- Personally, I lower my tire pressure if I'm staying mostly on the gravel (25-27psi). Also, I don't blast home at 110 mph on the pavement (heat build-up). I re-fill the tires when allowed. The first time I took the Misses on the gravel with 34/38 psi, I had to pull over and let air out - NOW!

My front wheel recently changed from a 21" (KTM) to a 19" (BMW) and to me, I'm more comfortable with a narrow, taller front wheel but that's not going to stop me from riding.

I've never liked that dis-concerting feeling of vague front wheel traction. It seems that whenever I lose the front wheel, something bad happens - NOW!

And like the inmate said earlier - just slow down, you'll catch everyone eventually.


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Old 08-26-2013, 08:08 PM   #37
FloorPoor
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I often ride like a bat out of hell on dirt and gravel when solo, but with a pillion (usually one of my kids, the wife doesn't like to ride) I just put put around. It's not worth it. But I have noticed a couple of my kids are better pillions then the rest (6 total, what the hell was I thinking!?) and those are the two who get slightly faster an/or more varied terrain rides.

My wife is a terrible pillion, she only weighs 120, but she leans way back and doesn't move with the bike at all. Makes the bike handle terribly. I'm kinda glad she doesn't like to ride, It turns an otherwise fun ride into sketchville
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Old 08-27-2013, 05:34 PM   #38
joexr
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Ride , ride and ride some more. Seat time and experience. When I raced flat-track as a teenager I could do foot up donuts in both directions with my girlfriend on the back. You'll pick up speed , just push the envelope a little and find your groove. Try getting used to sliding by practicing on grass.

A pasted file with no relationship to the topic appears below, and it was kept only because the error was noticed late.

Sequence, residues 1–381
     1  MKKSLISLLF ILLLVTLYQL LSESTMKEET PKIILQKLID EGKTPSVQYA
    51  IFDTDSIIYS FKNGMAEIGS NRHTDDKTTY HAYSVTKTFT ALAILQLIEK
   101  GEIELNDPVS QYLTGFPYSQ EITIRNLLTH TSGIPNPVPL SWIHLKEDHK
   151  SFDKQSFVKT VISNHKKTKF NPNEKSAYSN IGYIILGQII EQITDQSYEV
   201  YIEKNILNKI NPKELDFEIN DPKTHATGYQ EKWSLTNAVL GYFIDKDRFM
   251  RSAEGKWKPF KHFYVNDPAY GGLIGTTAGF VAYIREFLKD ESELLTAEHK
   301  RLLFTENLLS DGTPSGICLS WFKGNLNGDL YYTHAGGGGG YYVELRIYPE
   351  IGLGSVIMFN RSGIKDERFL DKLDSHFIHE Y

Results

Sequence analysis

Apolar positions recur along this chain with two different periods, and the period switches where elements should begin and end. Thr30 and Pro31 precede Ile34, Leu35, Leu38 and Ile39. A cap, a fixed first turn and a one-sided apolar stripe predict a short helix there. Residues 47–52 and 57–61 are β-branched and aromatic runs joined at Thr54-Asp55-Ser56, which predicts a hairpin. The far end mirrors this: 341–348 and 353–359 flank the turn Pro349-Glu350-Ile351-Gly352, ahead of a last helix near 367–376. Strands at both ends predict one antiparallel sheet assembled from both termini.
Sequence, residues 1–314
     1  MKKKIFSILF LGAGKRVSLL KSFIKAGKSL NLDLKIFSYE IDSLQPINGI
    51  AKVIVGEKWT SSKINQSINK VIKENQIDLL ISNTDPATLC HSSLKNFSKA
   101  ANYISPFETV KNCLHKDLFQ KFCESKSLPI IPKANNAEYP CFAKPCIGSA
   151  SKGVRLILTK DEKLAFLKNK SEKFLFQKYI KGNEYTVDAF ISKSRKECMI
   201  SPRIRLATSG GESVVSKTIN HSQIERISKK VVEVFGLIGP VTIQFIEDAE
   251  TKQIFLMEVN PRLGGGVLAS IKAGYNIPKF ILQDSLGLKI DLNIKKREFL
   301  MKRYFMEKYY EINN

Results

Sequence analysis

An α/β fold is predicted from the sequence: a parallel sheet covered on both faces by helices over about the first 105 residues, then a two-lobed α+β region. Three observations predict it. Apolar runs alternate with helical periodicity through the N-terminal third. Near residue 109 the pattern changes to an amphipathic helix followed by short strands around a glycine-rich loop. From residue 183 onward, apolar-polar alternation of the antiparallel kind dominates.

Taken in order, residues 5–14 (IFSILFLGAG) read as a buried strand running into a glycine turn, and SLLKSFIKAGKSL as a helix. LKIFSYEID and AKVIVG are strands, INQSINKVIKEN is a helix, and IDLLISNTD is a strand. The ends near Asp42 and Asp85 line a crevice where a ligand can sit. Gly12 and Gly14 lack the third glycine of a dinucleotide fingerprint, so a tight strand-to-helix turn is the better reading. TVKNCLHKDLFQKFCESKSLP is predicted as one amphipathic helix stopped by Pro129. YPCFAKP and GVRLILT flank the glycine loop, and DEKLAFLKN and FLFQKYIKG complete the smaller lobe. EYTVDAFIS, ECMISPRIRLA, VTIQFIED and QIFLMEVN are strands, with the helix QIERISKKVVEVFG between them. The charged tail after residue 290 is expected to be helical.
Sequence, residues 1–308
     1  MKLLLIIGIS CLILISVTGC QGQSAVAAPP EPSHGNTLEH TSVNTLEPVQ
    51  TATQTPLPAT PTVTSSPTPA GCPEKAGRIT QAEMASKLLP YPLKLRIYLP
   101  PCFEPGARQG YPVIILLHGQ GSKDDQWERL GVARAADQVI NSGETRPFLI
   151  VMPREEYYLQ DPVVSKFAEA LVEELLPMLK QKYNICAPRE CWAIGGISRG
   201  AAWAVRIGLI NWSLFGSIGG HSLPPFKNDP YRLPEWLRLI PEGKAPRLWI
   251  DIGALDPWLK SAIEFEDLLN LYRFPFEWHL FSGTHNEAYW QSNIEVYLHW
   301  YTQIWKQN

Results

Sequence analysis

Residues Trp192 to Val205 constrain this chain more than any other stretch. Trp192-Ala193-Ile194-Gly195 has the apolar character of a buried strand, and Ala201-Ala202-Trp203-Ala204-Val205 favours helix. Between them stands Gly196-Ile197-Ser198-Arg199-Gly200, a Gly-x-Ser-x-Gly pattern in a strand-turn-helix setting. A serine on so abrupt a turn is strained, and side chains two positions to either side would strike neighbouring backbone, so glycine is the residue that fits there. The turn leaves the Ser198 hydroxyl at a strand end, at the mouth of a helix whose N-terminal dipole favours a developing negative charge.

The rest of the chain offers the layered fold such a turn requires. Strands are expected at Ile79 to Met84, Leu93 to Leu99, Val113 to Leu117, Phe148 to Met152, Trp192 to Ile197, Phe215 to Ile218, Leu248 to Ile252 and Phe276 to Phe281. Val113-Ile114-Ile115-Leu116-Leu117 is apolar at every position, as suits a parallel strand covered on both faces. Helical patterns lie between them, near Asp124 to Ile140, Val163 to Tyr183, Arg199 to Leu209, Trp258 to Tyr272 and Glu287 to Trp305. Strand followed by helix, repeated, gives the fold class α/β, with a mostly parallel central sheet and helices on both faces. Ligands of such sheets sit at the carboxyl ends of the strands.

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Old 09-30-2013, 03:48 AM   #39
speedtrickle
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It's really a mix of everything here but the bottom line is whatever level you are at you must have confidence and the way to do that is by walking before you can run and the way to do that is to get your self a smaller, easier machine that will do the task. My point is you are making it way harder by expecting that your intercontinental cruiser is going to let you develop as a rider, newsflash it won't so get yourself a dr or something and go have some friggin FUN! Goodluck
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Old 09-30-2013, 04:25 PM   #40
joexr
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Quote:
Originally Posted by speedtrickle View Post
It's really a mix of everything here but the bottom line is whatever level you are at you must have confidence and the way to do that is by walking before you can run and the way to do that is to get your self a smaller, easier machine that will do the task. My point is you are making it way harder by expecting that your intercontinental cruiser is going to let you develop as a rider, newsflash it won't so get yourself a dr or something and go have some friggin FUN! Goodluck
Well said.
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Old 10-11-2013, 04:55 PM   #41
Golaiy
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Passengers change everything. You have to have a willing passenger who trusts your ability and the bikes ability. Your passenger must be part of the learning as well and they need to have a good understanding that they don't just get to sit there like a stick when you are doing some of these things. My ex was a great passenger and was willing to learn because she liked riding. I have had numerous passengers on my bikes and they all react differently until you take the time to teach them. Otherwise, take it slow.